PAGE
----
What Are The Fatal Flaws In The Scarlet Letter

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Fatal flaws have been shown in works of literature throughout the centuries, causing the destruction of many characters. In the novel, The Scarlet Letter by Nathaniel Hawthorne, three of the main characters each have a fatal flaw. The novel, set in Puritan Boston between 1642-1679, tells the story of Hester Prynne through third person narrative. Hester begins her journey in the novel when she is brought from jail for her punishment in having an affair with someone in the town, resulting in her pregnancy. Her husband, Roger Chillingworth, who she believed dead, sought out revenge against the unknown father of Hester’s child. It is later revealed in the novel that the father of Hester’s child is the revered Reverend Dimmesdale. These characters each possess a fatal flaw that ultimately leads to their own distinctive downfall. Hester Prynne’s persistent attempt to make reparations for her sin leads to her losing her unique personality, Dimmesdale’s incapability to forgive his own guilt causes his mentality and health to crumble, and Roger Chillingworth’s desire for revenge overcomes his soul.
Hester Prynne spends the length of the novel attempting to atone for her sin and shame, a feat that in turn subdues her vibrant personality. Hester, after being perpetually mocked and harassed for years by the whole of her community, strives to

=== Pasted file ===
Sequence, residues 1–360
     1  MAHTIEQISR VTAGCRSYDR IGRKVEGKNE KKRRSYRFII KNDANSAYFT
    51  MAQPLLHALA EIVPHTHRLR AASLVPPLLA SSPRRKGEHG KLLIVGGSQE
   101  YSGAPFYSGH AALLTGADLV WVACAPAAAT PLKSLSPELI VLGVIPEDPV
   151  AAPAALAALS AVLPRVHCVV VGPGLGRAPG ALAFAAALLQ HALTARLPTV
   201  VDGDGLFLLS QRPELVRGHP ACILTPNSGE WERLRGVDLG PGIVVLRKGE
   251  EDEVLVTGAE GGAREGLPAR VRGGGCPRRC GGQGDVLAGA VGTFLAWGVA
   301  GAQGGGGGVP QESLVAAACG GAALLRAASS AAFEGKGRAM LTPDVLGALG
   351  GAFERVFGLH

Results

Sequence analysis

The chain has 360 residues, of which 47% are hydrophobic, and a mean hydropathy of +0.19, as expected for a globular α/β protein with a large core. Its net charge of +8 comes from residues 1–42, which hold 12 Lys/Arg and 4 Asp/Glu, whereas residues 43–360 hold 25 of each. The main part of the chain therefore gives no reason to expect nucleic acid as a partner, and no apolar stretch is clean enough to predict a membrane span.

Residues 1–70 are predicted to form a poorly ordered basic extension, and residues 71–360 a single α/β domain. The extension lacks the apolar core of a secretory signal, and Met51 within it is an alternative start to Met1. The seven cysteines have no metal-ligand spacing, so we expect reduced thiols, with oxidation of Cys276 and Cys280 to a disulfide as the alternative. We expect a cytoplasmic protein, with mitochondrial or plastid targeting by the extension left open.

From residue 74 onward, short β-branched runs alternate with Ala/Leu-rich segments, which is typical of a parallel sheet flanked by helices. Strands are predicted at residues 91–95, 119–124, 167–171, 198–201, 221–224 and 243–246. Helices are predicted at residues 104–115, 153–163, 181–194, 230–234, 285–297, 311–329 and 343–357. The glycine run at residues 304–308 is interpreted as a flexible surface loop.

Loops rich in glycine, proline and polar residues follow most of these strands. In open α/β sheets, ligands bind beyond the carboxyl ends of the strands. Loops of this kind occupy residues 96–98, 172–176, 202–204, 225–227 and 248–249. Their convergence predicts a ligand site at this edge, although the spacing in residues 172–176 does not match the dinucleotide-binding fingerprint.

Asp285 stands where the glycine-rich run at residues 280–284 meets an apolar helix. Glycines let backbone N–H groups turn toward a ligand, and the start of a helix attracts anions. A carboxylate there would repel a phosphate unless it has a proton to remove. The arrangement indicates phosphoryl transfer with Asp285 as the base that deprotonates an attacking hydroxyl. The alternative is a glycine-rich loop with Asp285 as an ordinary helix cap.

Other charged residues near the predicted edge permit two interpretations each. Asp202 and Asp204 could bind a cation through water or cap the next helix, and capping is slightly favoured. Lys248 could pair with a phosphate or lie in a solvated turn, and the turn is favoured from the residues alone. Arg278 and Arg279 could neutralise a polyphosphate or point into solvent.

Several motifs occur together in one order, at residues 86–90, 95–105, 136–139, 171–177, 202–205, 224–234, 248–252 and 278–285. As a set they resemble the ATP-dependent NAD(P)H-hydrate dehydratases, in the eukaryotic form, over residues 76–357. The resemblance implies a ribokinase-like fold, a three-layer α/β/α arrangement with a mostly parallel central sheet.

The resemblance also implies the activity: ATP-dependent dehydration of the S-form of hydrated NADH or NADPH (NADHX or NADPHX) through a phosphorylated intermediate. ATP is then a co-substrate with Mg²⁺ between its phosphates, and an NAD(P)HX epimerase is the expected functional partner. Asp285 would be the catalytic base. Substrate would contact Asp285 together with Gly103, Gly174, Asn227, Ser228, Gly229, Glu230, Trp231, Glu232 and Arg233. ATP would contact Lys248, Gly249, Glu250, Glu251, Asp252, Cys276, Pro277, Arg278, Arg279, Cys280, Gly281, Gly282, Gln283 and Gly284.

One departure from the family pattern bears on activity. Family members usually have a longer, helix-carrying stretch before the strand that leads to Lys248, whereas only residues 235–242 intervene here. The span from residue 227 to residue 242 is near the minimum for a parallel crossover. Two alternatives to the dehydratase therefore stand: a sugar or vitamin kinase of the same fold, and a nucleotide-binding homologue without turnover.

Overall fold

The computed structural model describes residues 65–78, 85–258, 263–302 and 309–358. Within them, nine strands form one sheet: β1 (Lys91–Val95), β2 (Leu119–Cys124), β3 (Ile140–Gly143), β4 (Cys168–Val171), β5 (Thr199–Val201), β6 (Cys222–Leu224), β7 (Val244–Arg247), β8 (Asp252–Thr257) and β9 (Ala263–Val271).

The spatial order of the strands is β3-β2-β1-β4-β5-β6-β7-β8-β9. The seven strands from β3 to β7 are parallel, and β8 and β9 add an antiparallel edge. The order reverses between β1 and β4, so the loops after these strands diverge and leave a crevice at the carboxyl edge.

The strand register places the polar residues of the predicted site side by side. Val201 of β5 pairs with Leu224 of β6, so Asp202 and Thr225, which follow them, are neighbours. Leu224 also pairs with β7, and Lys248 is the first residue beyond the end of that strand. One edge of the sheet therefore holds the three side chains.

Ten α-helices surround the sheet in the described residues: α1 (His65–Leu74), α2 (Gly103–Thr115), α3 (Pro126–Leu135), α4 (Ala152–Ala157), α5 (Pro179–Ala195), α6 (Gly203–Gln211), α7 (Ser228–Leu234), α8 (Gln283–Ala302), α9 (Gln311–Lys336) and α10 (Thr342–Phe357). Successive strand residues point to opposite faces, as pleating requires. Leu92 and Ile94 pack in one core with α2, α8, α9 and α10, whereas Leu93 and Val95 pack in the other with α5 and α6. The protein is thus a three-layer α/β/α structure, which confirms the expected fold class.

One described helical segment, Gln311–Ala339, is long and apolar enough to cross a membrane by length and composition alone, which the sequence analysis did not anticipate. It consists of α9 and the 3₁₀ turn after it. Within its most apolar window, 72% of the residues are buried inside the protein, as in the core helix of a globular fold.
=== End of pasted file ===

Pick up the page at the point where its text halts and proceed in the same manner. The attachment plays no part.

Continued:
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Through the characters of Hester Prynne, Reverend Arthur Dimmesdale, and Roger Chillingworth, there is a common factor of a fatal flaw. Hester Prynne’s constant attempt to atone for her sin causes her to diminish her unique personality, instead conforming to the norm of being a Puritan woman. Dimmesdale’s incapability to forgive his sin with Hester leads him to deteriorate physically and psychologically to the point of death. Roger Chillingworth’s cruelty and desire for revenge lead him to become an evil, deformed

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